Benchmarking Algorand AMM 1:1 real world swap performance

Benchmarking Algorand AMM 1:1 real world swap performance

TL; DR: We tested Algorand with end-user-identical AMM swaps: 8,070 in a 3 second block.

Our friends at recently performed a benchmark of AMM swap performance on Algorand MainNet. While the results were great (2881 peak swaps per second), some naysayers missed the forest for the trees with complaints about the methodology being synthetic.

The methodology by the Vestige team was:

  • "We sent 353 groups of 85 swaps totaling 90368 transactions / 30005 AMM swaps. Algorand therefore handled 30005 AMM swaps in ~15 sec, or about 2000 swaps/s. If we discount the last ~500 swaps in the 806 block we instead get 29500/11 sec = 2680 swaps. If someone smarter than me has data on block times we could do better calculations, in case blocks were delayed or so. "
  • "all transactions were made from which called the app 1000469889 which does 85 swaps in inner transactions (255/3)"

On Algorand, inner transactions are transactions initiated by a smart contract. As such, they don't need to come with a signature attached - the outer transaction call's signature suffices.

Algorand's performance is limited by the current maximum block size of about 5 MB. Real user swaps would have 2x outer transactions along with their signatures, so we would expect the performance to still be in the thousands of swaps per second, but still a bit less than the absolute ceiling set by the inner transaction tests by Vestige.

Real-User AMM swaps

We set out to recreate the test but using the exact structure of real world AMM swaps.

As with swaps initiated via the frontend on, each swap consisted of two outer transactions in a group:

  • 1x payment to the contract address
  • 1x application call to the contract to swap


We used the Javascript SDK to sign 16,000 swaps with a first-last-round validity of 4 rounds. What we realized in earlier tests was that we would have more trouble sending these transactions through our nodes fast enough, than Algorand would have to process them.

In order to send these, we signed the 32,000 transactions ahead of time and copied them as files to 4 algod nodes - 2 archival medium-power nodes, and 2 very weak light nodes. A simple "wait for status after" script was used as the racegun to start sending them with goal clerk rawsend -f swaps at round 26196666.

In order to improve our odds and send rate, we generated the transaction files twice, once in normal order and once in reverse, and divided our nodes into sending them forwards and backwards at the same time. For best results we could have split into 4 groups.

Our nodes were still not fast enough to broadcast all these in time - we got 15489 / 16000 sent. Our nodes were still trying to broadcast transactions at round 26196682 - 13 rounds and ~48 seconds after the transactions were no longer valid, so a single queue would not have been fast enough.

Worth noting that these are benchmarking woes, not real-world woes: Real-world algod infrastructure like is distributed around the world, so 16,000 real users wanting to swap at the exact same second would not have to push through our 4 puny nodes.


Due to our lag in sending the transactions, the swaps were processed over 3 blocks:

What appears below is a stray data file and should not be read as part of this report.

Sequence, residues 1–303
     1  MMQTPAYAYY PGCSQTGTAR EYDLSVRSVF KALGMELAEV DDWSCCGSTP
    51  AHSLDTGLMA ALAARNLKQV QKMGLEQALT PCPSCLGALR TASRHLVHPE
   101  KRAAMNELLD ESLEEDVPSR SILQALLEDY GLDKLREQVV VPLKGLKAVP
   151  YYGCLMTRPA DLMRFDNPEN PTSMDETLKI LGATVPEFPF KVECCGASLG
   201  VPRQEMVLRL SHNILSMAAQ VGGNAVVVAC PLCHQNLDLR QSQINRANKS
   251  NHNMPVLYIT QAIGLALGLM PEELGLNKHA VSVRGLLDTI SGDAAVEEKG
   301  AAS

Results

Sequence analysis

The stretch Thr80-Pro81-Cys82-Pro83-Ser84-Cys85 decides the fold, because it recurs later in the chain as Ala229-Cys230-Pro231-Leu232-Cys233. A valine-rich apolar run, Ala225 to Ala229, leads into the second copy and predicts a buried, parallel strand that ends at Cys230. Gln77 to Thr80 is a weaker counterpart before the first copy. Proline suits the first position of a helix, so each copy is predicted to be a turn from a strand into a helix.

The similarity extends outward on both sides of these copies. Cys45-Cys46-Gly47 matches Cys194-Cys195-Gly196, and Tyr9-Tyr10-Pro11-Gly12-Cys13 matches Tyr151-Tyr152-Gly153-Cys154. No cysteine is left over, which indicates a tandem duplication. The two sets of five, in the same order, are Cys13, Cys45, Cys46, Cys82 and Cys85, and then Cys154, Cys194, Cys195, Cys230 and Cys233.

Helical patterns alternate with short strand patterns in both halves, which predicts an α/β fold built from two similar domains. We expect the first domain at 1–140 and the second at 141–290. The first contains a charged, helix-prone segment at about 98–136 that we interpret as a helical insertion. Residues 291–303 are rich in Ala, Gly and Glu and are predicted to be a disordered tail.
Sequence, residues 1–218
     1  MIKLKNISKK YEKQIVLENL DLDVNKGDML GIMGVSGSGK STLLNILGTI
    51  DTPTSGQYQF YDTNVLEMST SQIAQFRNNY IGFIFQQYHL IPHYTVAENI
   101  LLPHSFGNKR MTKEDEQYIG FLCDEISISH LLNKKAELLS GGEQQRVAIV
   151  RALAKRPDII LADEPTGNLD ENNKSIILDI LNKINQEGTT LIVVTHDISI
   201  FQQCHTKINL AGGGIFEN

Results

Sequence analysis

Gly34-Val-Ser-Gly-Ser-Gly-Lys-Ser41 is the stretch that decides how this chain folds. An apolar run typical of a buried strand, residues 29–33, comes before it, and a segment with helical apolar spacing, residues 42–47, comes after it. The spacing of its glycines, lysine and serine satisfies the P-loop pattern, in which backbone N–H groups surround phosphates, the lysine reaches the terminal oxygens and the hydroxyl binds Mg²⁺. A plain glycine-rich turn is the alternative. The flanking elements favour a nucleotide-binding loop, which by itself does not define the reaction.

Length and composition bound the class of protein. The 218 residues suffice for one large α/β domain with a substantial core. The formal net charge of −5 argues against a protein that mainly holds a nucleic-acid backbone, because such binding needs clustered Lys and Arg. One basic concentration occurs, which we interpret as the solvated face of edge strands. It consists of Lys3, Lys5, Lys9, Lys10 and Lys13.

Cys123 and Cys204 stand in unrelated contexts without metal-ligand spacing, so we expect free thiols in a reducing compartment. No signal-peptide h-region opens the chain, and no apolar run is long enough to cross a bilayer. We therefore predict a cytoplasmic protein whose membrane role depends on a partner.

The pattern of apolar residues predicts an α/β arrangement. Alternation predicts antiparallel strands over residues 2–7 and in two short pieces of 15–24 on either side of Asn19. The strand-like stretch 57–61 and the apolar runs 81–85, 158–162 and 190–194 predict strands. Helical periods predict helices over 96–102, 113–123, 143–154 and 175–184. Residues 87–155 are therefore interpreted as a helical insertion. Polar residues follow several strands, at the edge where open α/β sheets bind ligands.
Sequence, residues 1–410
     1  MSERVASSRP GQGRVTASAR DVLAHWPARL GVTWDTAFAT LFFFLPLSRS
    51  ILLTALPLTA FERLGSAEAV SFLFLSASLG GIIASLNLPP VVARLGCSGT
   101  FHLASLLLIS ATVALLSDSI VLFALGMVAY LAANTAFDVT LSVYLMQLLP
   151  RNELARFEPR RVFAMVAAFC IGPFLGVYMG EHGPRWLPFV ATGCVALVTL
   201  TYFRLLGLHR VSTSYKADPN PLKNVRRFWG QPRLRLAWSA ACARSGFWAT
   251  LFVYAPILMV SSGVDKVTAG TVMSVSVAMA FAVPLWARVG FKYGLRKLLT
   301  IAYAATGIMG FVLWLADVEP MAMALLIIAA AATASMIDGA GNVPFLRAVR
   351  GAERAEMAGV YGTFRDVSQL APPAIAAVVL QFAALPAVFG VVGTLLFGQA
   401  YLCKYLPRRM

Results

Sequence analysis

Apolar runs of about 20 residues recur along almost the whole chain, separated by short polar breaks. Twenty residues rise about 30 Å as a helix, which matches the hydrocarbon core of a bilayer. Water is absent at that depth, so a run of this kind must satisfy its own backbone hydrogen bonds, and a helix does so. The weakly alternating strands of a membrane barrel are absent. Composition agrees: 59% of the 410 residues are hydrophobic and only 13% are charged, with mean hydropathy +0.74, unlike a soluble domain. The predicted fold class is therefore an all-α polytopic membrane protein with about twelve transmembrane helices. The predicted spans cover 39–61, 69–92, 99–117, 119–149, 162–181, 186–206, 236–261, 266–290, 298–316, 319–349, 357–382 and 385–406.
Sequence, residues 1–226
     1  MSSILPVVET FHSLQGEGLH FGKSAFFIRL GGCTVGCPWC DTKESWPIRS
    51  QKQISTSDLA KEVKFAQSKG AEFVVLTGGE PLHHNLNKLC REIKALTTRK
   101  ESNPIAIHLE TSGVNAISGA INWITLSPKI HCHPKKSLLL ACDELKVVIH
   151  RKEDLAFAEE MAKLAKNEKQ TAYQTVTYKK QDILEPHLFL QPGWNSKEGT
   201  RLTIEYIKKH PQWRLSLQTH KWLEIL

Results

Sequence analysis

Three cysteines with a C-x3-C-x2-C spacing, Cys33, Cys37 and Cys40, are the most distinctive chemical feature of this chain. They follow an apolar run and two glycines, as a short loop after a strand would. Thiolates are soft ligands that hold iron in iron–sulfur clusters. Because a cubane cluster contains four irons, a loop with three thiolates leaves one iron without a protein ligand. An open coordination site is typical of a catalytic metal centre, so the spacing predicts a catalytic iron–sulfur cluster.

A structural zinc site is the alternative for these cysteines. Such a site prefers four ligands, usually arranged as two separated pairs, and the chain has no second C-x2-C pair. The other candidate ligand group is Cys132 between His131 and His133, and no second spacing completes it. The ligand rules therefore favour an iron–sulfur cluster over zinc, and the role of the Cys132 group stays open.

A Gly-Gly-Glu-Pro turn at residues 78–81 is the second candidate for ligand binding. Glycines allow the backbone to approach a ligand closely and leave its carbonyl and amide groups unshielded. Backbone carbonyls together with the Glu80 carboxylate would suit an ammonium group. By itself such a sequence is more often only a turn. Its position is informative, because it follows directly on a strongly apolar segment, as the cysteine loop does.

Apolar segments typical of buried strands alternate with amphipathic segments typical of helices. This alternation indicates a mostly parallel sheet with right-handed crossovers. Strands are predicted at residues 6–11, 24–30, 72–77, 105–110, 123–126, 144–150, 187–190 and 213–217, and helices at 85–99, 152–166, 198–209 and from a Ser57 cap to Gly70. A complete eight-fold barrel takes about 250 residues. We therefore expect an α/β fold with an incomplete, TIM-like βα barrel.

roundtxn counter (tc)timestampts difftc diffamm swapsspot swaps/s

You can find this data in Appendix A.

The last - and heaviest - block, weighing in at 5.018 MB, processed 8070 AMM swaps with a 3 second timestamp difference from the previous block.

The "spot" swaps per second performance for block 26196669 was 2690 swaps/second.

(Since the timestamps have second-level granularity and round up milliseconds, the worst case time of 3.49 seconds works out to 2312 swaps/second; best case at 2.5 seconds would be 3228 swaps/second.)

Counting from when we started sending them at round 26196666 until the last valid round of 26196669, Algorand had finalized 15,489 AMM swaps in 14 seconds, with an average of over 1100 swaps per second. Based on what we saw on our nodes' end, the bottleneck was sending each individual transaction over our nodes, as opposed to the network processing them.

The data includes a few rounds before and after our test as a measure of the impact to the network with regards to block timing: it was negligible. During the test, one block test has a 7 second timestamp difference compared to the average of 3-4 seconds, and then it was back to clockwork.

AlgoExplorer screenshot of the busy blocks

But can it sustain TPS? ... Yes.

A valid question would be how long Algorand can sustain a high rate of transactions. For our project we did 1,066,803 transactions in 213 seconds (average 5008.46 TPS) in order to "snipe" Asset ID One Billion. We intentionally didn't even use up 100% of the network's capacity! Story here.

Block 25990194 start transaction counter: 998,933,246
Block 25990245 end transaction counter: 1,000,000,049
Transactions: 1,066,803
Seconds elapsed: 213
Average TPS: 5008.46


If you can send them fast enough (we barely could) Algorand will happily process thousands of real world AMM swaps per second, with a peak in the high two thousands - much like the test results from our friends at

In case you weren't paying attention earlier, this test had the exact transaction structures that real users would perform at, so it'll be a lot harder to hand-wave away.

Our upcoming project @TheBillBored is going to be an AdTech NFT competition & spotlight dApp, utilizing these vanity Asset IDs and Verifiable Randomness!
Worth a read?

Appendix A - D13 test data

Aggregate data available on Google Sheets.

See the transactions: BENCHMAKER.. on AlgoExplorer.

Appendix B - Vestige test blocks & transaction count:






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